Community Health Network

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Angiography (coronary and peripheral)

Your understanding of the treatments and tests you receive are very important to everyone at Community Howard Regional Health System. This information is meant to acquaint you with standard procedures followed in a routine diagnostic angiography.


An angiogram is an x-ray of the arteries and/or veins. This test may be done of large central vessels such as the carotid arteries or smaller vessels like those of the arms or legs. Angiography is a procedure that involves the insertion of a catheter (a long thin flexible tube) into the body. The catheter is inserted into a vein or artery at the groin or the crease of the arm. This test is done to check for blood flow. This procedure is usually done because the doctor suspects decreased blood flow to a body part.

Because blood vessels do not normally show up on ordinary x-rays, angiograms utilize a "contrast agent" containing iodine, which is injected into the vessels. Since x-rays cannot pass through iodine, the agent show up while on the film. This enables the physician to see the blood vessels and blood flow in a specific area.

The physician, nurse or technologist will also discuss with you the benefits and potential side effects that may be associated with this procedure. Use this time to discuss any concerns you may have.


  • The doctor’s office or hospital will give you specific instructions when they schedule your examination regarding eating or drinking prior to your exam.
  • There may be special instructions about not taking certain medications for a few days prior to the procedure.
  • You should have someone available to drive you home after the procedure.


  • You will be directed to the Cath Lab Department Prep & Hold area to prep you for your procedure.
  • The nurse will ask you a series of questions such as:
    1. Are you pregnant? X-rays carry special risks for a pregnant woman and her fetus.
    2. Are you a nursing mother?
    3. Have you had an allergic reaction to iodine?
    4. Do you have any allergies to medications or other allergies such as pollen?
    5. Do you have any medical conditions such as heart disease, diabetes, kidney or liver disease?
    6. Are you taking any medications?
  • You will have an IV. Your groin may be shaved from belly button to knee.
  • You may be given medication before the procedure to help you relax. The doctor does not want you to be unduly tense or nervous having the angiogram.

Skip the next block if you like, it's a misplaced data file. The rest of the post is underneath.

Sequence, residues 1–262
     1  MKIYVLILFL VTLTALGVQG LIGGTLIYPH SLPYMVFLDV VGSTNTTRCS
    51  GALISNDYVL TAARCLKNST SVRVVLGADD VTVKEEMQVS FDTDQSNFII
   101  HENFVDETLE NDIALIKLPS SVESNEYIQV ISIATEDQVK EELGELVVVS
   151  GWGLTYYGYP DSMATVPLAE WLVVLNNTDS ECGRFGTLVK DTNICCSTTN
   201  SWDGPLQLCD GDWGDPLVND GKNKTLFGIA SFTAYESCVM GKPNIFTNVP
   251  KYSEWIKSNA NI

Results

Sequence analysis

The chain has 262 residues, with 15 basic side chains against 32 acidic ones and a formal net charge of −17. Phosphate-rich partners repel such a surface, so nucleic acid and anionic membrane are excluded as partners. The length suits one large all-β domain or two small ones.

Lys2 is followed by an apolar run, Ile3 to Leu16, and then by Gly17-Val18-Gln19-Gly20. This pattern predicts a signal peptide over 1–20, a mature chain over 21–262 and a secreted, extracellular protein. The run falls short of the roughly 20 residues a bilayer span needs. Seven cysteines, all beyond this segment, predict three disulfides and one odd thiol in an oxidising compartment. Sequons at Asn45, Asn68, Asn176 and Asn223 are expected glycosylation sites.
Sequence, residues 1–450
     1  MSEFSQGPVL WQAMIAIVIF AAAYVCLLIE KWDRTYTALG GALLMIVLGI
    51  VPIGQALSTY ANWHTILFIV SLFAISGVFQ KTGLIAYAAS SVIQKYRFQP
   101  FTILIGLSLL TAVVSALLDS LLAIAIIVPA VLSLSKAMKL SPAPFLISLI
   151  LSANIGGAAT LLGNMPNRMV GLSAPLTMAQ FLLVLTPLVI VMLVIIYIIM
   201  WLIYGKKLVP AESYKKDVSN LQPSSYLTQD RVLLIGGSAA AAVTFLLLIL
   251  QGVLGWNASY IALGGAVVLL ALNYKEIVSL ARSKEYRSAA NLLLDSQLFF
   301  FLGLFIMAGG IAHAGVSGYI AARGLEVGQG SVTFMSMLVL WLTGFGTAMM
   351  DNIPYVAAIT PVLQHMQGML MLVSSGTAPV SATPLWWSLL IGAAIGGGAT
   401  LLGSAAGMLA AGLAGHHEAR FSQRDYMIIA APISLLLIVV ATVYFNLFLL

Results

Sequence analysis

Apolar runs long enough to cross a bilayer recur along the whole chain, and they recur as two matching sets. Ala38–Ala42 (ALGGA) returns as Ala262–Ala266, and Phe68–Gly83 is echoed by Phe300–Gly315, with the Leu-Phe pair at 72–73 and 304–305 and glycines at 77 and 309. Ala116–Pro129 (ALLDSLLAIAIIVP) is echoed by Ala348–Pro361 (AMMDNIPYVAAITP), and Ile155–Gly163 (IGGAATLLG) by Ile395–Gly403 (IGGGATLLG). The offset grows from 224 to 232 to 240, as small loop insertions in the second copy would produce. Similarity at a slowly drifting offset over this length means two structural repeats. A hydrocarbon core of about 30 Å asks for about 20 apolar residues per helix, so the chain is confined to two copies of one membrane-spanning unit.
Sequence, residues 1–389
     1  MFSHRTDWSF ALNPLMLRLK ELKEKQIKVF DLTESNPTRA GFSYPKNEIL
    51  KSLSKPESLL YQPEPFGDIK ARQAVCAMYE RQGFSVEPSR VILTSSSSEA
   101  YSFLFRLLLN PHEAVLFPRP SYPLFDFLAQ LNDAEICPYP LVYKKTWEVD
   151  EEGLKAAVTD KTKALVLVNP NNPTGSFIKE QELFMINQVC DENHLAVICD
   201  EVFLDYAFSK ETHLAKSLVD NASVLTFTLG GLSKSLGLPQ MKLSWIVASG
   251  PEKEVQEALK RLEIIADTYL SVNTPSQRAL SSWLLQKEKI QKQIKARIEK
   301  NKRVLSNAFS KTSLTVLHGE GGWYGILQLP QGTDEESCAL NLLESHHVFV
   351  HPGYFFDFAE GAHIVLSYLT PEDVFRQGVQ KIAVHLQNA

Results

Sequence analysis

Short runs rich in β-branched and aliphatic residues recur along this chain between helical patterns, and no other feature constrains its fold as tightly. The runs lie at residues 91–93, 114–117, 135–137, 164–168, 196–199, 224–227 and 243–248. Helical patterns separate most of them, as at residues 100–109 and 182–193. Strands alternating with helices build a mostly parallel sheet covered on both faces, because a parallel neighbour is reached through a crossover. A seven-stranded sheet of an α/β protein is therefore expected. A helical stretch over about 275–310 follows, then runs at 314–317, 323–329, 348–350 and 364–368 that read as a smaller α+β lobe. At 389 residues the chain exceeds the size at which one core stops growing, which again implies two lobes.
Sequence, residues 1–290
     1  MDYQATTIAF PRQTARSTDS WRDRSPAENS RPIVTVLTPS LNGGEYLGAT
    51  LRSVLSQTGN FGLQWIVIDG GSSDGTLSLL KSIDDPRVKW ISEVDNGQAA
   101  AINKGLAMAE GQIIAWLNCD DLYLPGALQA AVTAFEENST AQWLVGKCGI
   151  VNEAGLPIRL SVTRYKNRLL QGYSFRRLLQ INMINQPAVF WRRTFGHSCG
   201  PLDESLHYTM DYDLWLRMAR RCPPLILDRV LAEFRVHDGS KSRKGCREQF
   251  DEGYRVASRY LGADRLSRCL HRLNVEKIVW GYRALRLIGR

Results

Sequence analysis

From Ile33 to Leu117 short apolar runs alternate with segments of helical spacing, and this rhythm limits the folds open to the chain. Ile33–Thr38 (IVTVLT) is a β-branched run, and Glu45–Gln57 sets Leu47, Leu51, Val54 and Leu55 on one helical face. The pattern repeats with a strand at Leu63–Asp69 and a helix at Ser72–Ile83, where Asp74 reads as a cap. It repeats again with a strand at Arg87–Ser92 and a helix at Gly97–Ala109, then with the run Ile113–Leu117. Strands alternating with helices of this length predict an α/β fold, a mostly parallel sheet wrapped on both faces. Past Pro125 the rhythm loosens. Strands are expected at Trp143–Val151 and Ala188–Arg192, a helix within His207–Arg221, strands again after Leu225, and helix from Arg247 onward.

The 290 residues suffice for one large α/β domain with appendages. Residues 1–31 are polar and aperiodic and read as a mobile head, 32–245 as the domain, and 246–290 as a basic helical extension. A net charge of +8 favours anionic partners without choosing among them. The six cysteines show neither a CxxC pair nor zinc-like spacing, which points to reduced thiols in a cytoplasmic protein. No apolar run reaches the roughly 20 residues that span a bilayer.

• You’ll be dressed in a hospital gown. It’s a good idea to relieve your bladder before the test, since the procedure might take several hours. There will be a bedpan or urinal available, but you will be more comfortable emptying your bladder before beginning the procedure.
  • You will be asked to lie on your back on the x-ray table. The room will be filled with machines and equipment that might seem a bit overwhelming. Directly above you may be a special x-ray machine, which will be connected to a TV monitor.
  • Your legs and/or arms be secured to keep them from moving and you will be monitored by an EKG, or wires on your chest, and a blood pressure cuff will be placed as well as a finger probe to check your oxygen level.
  • The area where the catheter will be inserted will be cleansed, and you will receive an anesthetic (numbing medication) to the area. This numbing medication does sting when it is injected but this does not last long. A small incision may be made for the catheter to be inserted.
  • A contrast will be injected through the catheter to check the flow through the vessel. It is important to lie very still. Several x-rays will be taken as the contrast is injected.
  • A large machine will be moving around your body and lights will be flashing on and off during the procedure. You may be asked to turn your head as the doctor places a machine around your chest to get a better picture. Through these different views, the doctor can look at your arteries to determine if you have any narrowing or blockages in your arteries.
  • After the procedure, you’ll be asked to lie with your head flat against the pillow and your right leg straight, anywhere from one to four hours. If a closure device is used to seal the hole in your artery, your bedrest will be one to two hours. If a closure device cannot be used, pressure will be applied to the insertion site for up to 20 minutes and your bedrest may be up to four hours.

After the procedure

  • You will be taken to the Prep & Hold area (or possibly a patient room if staying overnight) where your heart rate, blood pressure and oxygen will be monitored until your bedrest is complete. Your access site will be monitored closely for any signs of bleeding.
  • The doctor will speak with your family following your procedure and discuss the results of your test and your care plan..

Your comfort during this procedure is very important to everyone at Community Howard Regional Health System. Please let the nurse or technologist know if there is something that can be done to make you more comfortable during your stay.

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